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Better Than Squats?

Updated: Feb 2, 2022

Squat to row

During all my years of training clients and prepping for competitions, squatting exercises are always at the top of my list for effective muscle toning, booty building, general fitness and weight loss. Squats primarily use your legs and bum (the largest muscles in your body) which means they will burn the most calories when you train them! However, combining a squat with a rowing movement burns even more calories because you're including another large muscle group...your back! Not to forget you're also using your arms and your rear delts (back of your shoulders) in the same movement.


3 Reasons Why You Should Include Squat To Row In Your Program

  1. Squat to row is a great way to warm up quickly because it uses all of your large muscle groups (legs, bum and back) at the same time. Therefore doing 2-3 sets will activate most of your muscles and will take you less than 5 minutes, compared to 10 minutes of cardio which works fewer muscle groups.

  2. The Squat to row exercise will automatically improve your posture as well as strengthen and tone your arms. By drawing your elbows back and pulling the weight towards your belly, your shoulders retract and tense the muscles in your back. This may also help to correct your spine. (read below to find your recommended program)

  3. Most of our lives are spent sitting down at work or travelling to work which has a negative effect on your core (all the muscles around your mid section). Therefore, Squat to row is brilliant for stabilising your core which in turn helps to support your lower back.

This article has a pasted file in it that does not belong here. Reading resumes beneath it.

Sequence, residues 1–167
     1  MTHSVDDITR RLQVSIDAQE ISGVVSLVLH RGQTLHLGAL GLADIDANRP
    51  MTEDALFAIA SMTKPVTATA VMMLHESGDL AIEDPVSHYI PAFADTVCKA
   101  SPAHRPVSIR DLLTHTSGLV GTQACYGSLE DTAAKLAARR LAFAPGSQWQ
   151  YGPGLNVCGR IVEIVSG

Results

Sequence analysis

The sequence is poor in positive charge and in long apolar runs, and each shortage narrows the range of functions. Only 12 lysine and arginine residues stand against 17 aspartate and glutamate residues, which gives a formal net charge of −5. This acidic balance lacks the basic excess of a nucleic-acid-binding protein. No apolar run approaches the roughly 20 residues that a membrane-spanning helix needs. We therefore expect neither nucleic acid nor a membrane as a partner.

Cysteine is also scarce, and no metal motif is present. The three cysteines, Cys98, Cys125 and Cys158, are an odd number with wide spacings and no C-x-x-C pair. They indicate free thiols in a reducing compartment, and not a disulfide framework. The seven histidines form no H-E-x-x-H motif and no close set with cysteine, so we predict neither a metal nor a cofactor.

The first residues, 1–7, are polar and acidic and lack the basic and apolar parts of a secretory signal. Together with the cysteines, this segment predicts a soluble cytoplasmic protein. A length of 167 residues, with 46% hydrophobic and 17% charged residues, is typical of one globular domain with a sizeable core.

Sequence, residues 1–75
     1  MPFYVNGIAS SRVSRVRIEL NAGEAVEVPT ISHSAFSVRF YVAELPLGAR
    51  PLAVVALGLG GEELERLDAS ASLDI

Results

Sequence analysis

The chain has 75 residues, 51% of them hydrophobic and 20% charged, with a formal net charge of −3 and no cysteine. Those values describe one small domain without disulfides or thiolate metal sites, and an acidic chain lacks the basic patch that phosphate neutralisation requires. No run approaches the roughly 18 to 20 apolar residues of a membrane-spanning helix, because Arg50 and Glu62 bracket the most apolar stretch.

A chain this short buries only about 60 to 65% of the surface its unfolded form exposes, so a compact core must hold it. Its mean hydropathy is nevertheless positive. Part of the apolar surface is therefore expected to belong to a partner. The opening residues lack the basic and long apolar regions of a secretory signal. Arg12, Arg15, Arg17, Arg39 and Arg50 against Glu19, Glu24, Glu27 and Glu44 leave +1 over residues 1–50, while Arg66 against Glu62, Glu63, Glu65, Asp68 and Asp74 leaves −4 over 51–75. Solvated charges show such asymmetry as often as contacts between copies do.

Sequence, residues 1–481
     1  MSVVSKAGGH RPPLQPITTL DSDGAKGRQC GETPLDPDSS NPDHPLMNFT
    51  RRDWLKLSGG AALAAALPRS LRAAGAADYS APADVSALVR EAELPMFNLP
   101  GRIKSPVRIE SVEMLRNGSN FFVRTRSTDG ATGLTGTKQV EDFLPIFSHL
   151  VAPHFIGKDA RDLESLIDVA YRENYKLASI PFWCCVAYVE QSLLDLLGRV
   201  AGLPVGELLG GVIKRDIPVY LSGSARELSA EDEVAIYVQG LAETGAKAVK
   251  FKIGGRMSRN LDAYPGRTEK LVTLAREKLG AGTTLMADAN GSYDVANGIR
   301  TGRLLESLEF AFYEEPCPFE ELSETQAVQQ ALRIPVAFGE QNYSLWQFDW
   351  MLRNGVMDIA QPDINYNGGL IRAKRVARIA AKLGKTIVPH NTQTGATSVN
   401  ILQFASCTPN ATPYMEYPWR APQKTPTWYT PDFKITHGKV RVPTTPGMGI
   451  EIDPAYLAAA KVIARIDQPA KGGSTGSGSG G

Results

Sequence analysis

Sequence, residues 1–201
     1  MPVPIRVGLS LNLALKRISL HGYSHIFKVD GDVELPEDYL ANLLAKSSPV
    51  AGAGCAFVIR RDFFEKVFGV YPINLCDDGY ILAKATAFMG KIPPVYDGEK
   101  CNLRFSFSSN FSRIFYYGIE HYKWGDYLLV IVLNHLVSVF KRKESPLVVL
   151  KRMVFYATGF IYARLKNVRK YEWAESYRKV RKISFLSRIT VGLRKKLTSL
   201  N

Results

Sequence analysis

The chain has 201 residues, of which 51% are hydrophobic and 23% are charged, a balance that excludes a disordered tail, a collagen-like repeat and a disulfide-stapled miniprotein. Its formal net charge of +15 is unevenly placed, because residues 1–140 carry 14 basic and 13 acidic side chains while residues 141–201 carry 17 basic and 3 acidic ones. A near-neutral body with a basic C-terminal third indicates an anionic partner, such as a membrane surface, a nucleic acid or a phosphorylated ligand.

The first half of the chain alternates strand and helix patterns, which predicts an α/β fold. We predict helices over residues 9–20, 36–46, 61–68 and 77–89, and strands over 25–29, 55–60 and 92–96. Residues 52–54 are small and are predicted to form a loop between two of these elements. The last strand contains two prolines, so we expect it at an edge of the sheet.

squat to row


3 sets of 12 reps with 60-90 secs rest using moderate weight.


4 sets of 15 reps with 60 secs rest using moderate weight.


4 sets of 25 reps with 30-60 secs rest using moderate to heavy weight.

Final word:

Squat to row is definitely an exercise of great value and would enhance any workout. Wether you are a novice or an athlete, the benefits are apparent for everyone who trains. Is it better than a squat? In my opinion, yes it is! but only as a warm-up or training at a lower intensity because it engages so many more muscles than a regular squat. That being said the Squat along with the Deadlift, is the king of all strength based exercises.


Escamilla, R. F., Fleisig, G. S., Lowry, T. M., Barrentine, S. W., & Andrews, J. R. (2001). A three-dimensional biomechanical analysis of the squat during varying stance widths. Medicine and science in sports and exercise, 33(6), 984-998.

Isear, J. J., Erickson, J. C., & Worrell, T. W. (1997). EMG analysis of lower extremity muscle recruitment patterns during an unloaded squat. Medicine and science in sports and exercise, 29(4), 532-539.

Caterisano, A., Moss, R. E., Pellinger, T. K., Woodruff, K., Lewis, V. C., Booth, W., & Khadra, T. (2002). The effect of back squat depth on the EMG activity of 4 superficial hip and thigh muscles. The Journal of Strength & Conditioning Research, 16(3), 428-432.

Jones, G. A. (1992). U.S. Patent No. 5,135,456. Washington, DC: U.S. Patent and Trademark Office.

De Mey, K., Danneels, L., Cagnie, B., Van den Bosch, L., Flier, J., & Cools, A. M. (2013). Kinetic chain influences on upper and lower trapezius muscle activation during eight variations of a scapular retraction exercise in overhead athletes. Journal of science and medicine in sport, 16(1), 65-70.

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